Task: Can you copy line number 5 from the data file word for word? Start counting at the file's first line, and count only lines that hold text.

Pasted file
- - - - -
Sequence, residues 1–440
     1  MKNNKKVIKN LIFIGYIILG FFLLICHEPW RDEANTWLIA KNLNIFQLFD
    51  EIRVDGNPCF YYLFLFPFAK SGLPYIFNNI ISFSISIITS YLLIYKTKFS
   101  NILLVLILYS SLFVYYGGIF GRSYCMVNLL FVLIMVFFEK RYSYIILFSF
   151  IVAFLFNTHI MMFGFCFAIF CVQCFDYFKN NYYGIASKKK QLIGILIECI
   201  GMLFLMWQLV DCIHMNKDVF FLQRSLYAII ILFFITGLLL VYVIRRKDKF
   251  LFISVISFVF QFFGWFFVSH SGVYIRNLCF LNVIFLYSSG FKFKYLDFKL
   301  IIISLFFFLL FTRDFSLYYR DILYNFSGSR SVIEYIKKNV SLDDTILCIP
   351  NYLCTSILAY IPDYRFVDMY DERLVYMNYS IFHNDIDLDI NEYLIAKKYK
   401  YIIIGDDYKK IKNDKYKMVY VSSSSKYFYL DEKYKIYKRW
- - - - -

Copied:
   151  IVAFLFNTHI MMFGFCFAIF CVQCFDYFKN NYYGIASKKK QLIGILIECI